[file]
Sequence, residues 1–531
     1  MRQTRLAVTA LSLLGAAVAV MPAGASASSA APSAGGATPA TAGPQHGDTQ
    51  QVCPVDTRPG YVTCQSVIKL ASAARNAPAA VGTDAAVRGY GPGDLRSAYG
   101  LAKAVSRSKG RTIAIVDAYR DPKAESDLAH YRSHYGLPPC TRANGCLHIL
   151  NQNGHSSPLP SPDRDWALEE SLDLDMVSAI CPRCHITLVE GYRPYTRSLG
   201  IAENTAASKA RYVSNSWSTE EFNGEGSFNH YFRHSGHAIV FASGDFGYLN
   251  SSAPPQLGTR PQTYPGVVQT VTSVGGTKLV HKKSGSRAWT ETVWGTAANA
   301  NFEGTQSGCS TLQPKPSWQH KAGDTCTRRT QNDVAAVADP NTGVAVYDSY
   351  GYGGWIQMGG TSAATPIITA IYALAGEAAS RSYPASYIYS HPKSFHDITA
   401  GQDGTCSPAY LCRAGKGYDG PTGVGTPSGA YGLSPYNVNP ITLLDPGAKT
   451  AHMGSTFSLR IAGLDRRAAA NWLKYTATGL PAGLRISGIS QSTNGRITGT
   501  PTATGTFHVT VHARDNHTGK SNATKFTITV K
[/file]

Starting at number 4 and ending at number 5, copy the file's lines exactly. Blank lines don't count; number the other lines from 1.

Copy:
   101  LAKAVSRSKG RTIAIVDAYR DPKAESDLAH YRSHYGLPPC TRANGCLHIL
   151  NQNGHSSPLP SPDRDWALEE SLDLDMVSAI CPRCHITLVE GYRPYTRSLG